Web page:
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Apr 3, 2016 @ 22:28

PNoy admin withheld farmers’ competitiveness fund

Since the start of the administration of President Benigno Simeon Aquino III, government has not released new loans from the agricultural competitiveness enhancement fund which consists of tariffs from the importation of certain agricultural commodities such as rice and corn, the Commission on Audit report on the Department of Agriculture said.

The ACEF is intended for the agricultural sector to strengthen it, improve productivity, and make it more competitive. The releases for the program should have started in 1996 with the liberalization of trade in agriculture with the World Trade Organization.

The ACEF program was to be implemented budget department created a special account for it, Fund 183, and tariff collections under the so-called minimum access volume were to be lodged in it until 2015.

ACEF loans are free of interest charges and collateral free and would have been a big boost to the farming sector which, according to data from the Philippine Agricultural Statistics, grew by a mere 0.8 percent in 2015 “No ACEF releases for new proponents were made since CY 2010,” the COA report said.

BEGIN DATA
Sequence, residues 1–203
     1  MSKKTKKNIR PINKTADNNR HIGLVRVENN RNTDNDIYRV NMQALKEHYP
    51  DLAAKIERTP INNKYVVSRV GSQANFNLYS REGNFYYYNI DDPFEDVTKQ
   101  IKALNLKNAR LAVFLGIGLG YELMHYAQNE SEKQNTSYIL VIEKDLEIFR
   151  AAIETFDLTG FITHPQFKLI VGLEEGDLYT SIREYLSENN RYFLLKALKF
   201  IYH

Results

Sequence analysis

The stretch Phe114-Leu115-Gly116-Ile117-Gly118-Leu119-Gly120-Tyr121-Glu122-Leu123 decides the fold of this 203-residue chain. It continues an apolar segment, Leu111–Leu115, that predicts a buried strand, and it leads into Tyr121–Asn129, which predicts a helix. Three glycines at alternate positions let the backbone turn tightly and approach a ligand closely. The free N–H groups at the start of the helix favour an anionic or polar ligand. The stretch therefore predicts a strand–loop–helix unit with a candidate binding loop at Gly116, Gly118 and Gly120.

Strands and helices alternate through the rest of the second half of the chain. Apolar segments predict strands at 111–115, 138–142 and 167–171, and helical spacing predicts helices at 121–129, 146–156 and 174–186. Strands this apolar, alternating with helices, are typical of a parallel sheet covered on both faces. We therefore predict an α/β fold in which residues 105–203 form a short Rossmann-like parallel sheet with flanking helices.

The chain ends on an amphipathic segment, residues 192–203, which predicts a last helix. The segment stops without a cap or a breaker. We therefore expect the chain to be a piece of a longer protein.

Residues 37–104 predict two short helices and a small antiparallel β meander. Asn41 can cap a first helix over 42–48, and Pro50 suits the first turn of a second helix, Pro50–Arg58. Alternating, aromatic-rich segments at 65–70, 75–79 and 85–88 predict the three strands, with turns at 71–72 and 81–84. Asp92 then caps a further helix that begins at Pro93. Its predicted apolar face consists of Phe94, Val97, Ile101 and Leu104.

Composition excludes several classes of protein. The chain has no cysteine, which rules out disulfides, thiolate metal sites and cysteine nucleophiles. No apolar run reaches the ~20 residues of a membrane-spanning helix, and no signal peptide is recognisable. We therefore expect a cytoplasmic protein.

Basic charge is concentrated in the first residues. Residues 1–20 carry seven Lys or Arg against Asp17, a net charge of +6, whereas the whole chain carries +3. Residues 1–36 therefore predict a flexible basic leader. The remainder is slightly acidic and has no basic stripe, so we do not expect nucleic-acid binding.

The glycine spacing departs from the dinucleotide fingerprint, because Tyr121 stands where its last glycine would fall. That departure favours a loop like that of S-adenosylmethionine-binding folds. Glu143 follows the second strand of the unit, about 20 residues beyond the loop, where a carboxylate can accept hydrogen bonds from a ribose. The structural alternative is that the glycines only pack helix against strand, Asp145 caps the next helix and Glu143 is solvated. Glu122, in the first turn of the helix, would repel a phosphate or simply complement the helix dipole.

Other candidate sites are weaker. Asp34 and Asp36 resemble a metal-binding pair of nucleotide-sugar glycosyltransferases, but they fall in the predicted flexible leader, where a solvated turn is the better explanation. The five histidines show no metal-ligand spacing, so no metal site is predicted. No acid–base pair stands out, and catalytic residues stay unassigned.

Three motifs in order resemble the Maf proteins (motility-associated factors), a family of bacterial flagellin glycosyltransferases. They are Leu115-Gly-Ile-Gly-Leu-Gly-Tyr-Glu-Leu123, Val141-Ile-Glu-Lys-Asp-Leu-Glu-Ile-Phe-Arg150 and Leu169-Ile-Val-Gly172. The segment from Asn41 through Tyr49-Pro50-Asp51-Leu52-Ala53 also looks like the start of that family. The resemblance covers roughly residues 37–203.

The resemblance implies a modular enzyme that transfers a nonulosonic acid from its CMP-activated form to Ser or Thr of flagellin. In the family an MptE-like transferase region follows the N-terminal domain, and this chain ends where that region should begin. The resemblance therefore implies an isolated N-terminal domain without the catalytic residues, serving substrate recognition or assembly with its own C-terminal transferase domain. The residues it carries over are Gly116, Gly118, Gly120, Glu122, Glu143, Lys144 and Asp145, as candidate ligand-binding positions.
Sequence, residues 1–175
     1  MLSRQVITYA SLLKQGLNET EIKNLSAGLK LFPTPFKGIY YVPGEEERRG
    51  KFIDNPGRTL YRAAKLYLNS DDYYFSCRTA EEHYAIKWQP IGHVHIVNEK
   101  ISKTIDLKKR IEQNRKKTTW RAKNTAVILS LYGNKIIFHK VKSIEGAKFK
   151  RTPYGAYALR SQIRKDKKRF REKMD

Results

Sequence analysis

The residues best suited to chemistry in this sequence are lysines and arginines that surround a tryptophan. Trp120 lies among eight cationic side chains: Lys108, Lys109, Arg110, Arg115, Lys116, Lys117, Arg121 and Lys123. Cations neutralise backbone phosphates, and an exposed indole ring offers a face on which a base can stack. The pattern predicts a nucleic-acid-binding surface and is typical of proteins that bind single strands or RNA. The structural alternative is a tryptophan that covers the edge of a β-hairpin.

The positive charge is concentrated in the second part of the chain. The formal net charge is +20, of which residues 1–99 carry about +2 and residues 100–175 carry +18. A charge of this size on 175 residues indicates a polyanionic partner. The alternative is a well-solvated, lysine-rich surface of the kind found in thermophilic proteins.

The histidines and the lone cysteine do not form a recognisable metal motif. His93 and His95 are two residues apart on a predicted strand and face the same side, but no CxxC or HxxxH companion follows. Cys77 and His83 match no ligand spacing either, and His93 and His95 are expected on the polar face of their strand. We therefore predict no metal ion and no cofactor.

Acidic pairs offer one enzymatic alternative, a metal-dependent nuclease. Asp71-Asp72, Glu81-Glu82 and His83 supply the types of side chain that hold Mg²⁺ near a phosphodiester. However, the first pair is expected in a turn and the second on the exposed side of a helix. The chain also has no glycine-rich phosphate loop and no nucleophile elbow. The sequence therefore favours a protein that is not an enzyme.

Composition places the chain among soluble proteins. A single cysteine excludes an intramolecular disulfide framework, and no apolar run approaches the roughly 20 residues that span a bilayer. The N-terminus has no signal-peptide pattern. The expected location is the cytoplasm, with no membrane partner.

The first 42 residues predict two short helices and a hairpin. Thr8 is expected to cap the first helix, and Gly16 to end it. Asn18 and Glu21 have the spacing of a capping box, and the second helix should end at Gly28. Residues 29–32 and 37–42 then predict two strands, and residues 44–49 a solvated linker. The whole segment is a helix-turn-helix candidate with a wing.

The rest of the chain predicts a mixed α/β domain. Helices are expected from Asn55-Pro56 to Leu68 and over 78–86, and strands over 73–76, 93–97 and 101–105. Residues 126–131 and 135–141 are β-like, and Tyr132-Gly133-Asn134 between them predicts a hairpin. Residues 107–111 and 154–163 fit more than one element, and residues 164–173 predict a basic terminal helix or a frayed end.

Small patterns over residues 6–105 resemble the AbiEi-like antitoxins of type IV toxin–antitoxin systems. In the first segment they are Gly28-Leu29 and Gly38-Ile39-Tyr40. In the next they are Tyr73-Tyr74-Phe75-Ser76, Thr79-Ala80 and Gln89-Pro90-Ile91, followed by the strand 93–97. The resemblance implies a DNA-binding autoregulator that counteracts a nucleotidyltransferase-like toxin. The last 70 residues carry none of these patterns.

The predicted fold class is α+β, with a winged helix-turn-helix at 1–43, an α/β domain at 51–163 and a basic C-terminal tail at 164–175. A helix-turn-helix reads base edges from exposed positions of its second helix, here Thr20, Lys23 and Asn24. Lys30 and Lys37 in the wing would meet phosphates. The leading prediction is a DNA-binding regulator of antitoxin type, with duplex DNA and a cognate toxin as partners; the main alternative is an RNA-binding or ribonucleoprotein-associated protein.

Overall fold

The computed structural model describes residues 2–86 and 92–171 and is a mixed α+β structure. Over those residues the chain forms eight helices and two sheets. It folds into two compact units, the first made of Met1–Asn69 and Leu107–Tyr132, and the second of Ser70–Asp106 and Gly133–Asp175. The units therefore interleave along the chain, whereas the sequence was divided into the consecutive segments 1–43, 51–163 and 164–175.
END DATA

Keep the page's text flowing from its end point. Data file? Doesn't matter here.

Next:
The primary beneficiaries of an ACEF loan are farmers of products with quantitative restrictions such as rice and corn. The minimum amount for an ACEF loan is P150,000.

Among those eligible for an AECF loan are: farmers and fisher folk cooperatives; micro-, small- and medium enterprises that are in agriculture, aquaculture and forestry; cooperatives and entrepreneurs engaged in projects related to agriculture and fisheries; government organizations, local government units, government corporations that have joint ventures with farmers cooperatives, peoples’ organizations and indigenous peoples; and, academic institutions that have tie ups with farmers cooperatives.

Land Bank of the Philippines was the conduit bank for the ACEF funds.

According to the COA, the ACEF had a low collection rate of 16 percent, collecting only P845 million of the P5.4 billion due.

The P5.4 billion ACEF loans were released to 284 proponents from 2001 to 2011.

The COA said 23 of the proponents that did not pay had profitable operations. The COA said some of the loans were granted to different proponents that have the same owner and had no capacity to pay. (Eileen A. Mencias)



 

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